YOK Center Inspires Recognition of Riverside Site as the First Korea Town in the U.S.

Recognition as the city’s first Point of Cultural Interest acknowledges the historical significance of Pachappa Camp. No original structures remain, so the site is not eligible for historic landmark status.

Research by UCR’s Young Oak Kim Center for Korean American Studies resulted in the Riverside City Council declaring the site of the nation’s first Korea Town a Point of Cultural Interest on Dec. 6, 2016. The resolution recognizes “Pachappa Camp: Site of the First Organized Korean American Settlement.” ucr yok center file

Groundbreaking research by UCR’s Young Oak Kim Center for Korean American Studies resulted in the Riverside City Council declaring the site of the nation’s first Korea Town a Point of Cultural Interest on Dec. 6.

The resolution to recognize “Pachappa Camp: Site of the First Organized Korean American Settlement” is an important development in rewriting Korean American history and the legacy of Ahn Chang Ho, who established numerous organizations to support Korean independence from Japan early in the 20th century, said Edward T. Chang, director of the YOK Center and professor of ethnic studies. The YOK Center submitted the application seeking recognition of the 3-acre site at Cottage and Commerce streets, near downtown Riverside.

Recognition as the city’s first Point of Cultural Interest acknowledges the historical significance of Pachappa Camp. No original structures remain, so the site is not eligible for historic landmark status.

“I am really proud, and pleased, and feel a sense of accomplishment about the role the Young Oak Kim Center played in achieving the Point of Cultural Interest designation,” he said. “More than 70 people attended the council meeting. They shouted when the City Council approved the designation. It got wide coverage from Korean media in Los Angeles and the Yohan News wire service in Korea, whose coverage was picked up by several daily newspapers there.”

Ahn Chang Ho in a Riverside orchard. ucr yok center file

Ahn Chang Ho in a Riverside orchard.
ucr yok center file

Historical references to Ahn’s activities in the U.S. rarely mention Riverside, focusing instead on Korean American communities in Los Angeles and San Francisco, Chang said. But the Riverside community was significant in the Korean independence movement, Chang said. Visitors often referred to the Riverside settlement as “Dosan’s Republic.” (Ahn adopted the pen name Dosan, which means island mountain, perhaps inspired by Hawaiian volcanoes he observed on a stopover from Korea to California.)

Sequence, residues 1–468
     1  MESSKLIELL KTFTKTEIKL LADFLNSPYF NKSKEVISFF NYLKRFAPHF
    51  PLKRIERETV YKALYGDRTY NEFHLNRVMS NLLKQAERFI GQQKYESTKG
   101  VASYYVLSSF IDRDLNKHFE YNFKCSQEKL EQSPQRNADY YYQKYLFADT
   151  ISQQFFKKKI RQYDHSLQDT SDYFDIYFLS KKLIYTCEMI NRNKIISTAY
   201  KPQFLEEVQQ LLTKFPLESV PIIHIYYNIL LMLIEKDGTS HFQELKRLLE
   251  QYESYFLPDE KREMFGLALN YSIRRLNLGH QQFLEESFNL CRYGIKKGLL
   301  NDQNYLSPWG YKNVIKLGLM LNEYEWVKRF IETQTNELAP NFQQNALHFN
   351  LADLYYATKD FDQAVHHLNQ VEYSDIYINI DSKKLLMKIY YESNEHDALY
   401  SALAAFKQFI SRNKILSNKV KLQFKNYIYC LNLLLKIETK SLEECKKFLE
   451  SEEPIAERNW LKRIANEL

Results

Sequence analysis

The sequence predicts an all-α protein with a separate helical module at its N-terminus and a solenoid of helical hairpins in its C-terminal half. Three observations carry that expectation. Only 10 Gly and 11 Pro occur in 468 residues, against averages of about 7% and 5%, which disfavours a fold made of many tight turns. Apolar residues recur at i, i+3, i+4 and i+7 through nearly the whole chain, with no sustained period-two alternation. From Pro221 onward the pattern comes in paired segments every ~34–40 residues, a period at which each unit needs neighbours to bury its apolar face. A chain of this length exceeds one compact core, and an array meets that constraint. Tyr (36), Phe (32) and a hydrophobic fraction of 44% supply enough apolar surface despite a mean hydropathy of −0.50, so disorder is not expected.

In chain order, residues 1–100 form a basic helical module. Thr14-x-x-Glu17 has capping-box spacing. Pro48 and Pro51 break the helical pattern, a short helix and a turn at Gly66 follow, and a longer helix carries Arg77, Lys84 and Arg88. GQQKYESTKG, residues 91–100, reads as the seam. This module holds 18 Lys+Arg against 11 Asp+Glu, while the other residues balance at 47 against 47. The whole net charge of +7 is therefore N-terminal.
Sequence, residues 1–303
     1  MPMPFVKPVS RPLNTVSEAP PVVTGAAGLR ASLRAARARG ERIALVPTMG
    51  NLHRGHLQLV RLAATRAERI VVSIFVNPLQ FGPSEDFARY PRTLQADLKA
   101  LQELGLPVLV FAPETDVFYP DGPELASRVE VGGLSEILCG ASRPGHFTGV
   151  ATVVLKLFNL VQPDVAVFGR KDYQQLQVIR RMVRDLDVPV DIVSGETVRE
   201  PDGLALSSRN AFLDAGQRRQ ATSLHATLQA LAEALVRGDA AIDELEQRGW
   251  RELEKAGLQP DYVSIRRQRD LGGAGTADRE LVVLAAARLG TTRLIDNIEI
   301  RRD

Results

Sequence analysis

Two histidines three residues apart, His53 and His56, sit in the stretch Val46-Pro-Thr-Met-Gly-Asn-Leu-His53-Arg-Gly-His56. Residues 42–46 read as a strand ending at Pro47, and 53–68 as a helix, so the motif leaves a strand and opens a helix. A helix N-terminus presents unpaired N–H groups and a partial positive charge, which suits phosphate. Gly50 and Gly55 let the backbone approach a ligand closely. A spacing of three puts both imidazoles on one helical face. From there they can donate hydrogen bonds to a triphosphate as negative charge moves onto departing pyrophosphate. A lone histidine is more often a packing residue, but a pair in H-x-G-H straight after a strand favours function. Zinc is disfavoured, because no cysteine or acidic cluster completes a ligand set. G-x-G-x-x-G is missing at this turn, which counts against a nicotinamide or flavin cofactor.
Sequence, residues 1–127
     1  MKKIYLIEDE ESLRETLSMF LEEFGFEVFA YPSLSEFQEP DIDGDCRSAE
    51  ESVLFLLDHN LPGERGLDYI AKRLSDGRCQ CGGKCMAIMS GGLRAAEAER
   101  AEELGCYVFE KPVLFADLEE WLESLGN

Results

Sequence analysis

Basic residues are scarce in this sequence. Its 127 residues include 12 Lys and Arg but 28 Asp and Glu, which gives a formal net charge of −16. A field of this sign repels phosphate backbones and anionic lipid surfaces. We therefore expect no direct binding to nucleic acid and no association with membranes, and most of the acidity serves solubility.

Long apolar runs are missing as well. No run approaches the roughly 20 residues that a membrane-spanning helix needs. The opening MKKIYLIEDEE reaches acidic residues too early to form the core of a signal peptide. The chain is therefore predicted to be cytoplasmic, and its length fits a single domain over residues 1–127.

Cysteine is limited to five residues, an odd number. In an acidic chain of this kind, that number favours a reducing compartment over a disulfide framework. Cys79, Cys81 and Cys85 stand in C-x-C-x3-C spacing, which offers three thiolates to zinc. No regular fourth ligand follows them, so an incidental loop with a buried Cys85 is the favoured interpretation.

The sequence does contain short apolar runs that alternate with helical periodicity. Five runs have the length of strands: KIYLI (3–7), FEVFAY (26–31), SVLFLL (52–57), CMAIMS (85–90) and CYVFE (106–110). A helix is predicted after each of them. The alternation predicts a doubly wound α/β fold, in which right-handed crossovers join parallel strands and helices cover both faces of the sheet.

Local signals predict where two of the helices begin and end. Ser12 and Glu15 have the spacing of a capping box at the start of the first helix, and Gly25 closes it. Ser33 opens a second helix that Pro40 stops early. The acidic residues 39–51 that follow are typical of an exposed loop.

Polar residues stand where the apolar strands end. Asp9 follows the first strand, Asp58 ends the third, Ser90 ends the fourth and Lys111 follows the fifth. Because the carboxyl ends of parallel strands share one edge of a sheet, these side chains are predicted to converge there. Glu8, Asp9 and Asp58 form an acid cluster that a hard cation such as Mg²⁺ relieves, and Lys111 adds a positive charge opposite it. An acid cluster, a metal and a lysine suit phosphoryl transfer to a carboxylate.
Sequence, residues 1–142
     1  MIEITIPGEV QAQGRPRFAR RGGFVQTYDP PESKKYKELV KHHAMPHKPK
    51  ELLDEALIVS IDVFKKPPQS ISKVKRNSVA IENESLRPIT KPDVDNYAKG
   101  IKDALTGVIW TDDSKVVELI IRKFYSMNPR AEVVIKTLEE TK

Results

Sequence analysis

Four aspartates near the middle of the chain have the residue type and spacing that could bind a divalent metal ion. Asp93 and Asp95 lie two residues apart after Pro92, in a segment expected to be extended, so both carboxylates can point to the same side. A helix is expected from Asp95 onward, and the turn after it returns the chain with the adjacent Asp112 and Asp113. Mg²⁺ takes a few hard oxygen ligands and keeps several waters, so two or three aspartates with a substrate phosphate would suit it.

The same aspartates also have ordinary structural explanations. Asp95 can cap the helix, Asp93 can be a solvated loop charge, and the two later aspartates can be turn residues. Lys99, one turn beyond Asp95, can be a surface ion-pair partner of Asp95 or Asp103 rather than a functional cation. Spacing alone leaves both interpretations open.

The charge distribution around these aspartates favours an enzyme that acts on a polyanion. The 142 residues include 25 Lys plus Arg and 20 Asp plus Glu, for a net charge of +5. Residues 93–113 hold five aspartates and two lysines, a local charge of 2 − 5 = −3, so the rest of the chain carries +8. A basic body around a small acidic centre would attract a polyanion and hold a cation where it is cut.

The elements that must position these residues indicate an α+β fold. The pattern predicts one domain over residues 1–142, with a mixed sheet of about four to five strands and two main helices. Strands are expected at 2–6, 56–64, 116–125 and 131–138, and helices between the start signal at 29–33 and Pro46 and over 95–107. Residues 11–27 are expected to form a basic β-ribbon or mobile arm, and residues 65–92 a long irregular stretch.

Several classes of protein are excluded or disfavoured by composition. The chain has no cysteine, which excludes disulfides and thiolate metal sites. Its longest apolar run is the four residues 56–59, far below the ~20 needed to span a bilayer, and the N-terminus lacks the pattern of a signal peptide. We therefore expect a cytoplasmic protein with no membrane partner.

“Korean laborers in Hawaii were dispersed to the plantations to work,” Chang said. “San Francisco was a landing destination, however, because of anti-Asian sentiment and lack of job opportunities, Korean immigrants did not stay.”

Over the past 18 months Chang uncovered previously unexamined documents at Riverside’s Calvary Presbyterian Church, Korean headstones in city cemeteries, and newspaper articles in English and Korean, all of which make it clear that Pachappa Camp was the first established community of Korean Americans in the United States.

Ahn Chang Ho arrived in Riverside on March 23, 1904, and established a Korean labor bureau, which was key to attracting Korean workers to the city, Chang said.

“Korean immigrants could easily find work, especially in the citrus groves. Women worked in packinghouses, in service-related industries, as maids, and at the Mission Inn. They began to congregate at Pachappa Camp,” Chang said. “There were all kinds of community activities – Korean and English language classes, church services, weddings, baptisms, and other activities. Between 1905 and 1918 Pachappa Camp was a vibrant, thriving Korean settlement.”

Professor Edward T. Chang ucr

Professor Edward T. Chang
ucr

Pachappa Camp originally housed Chinese immigrants who built the Santa Fe Railroad in the 1880s. Those workers left when the railroad was completed and were followed by Korean immigrants. Japanese Americans began moving into the camp in the 1920s, followed by Mexican workers in the late 1930s. The camp, composed of approximately 20 buildings, was razed in 1952 to make way for a Fisher Oil Storage facility and a meat market, according to the Cultural Point of Interest application. Sempra Utilities and Mobil Oil Corp. occupy the site today.

Chang said he hopes the recognition of Pachappa Camp as the first Korea Town in the United States will inspire young Korean Americans to learn about their history and use that information as a source of identity and pride.

“Riverside is a city that celebrates its rich cultural diversity,” he said. “We are grateful that the city of Riverside is embracing this designation.”

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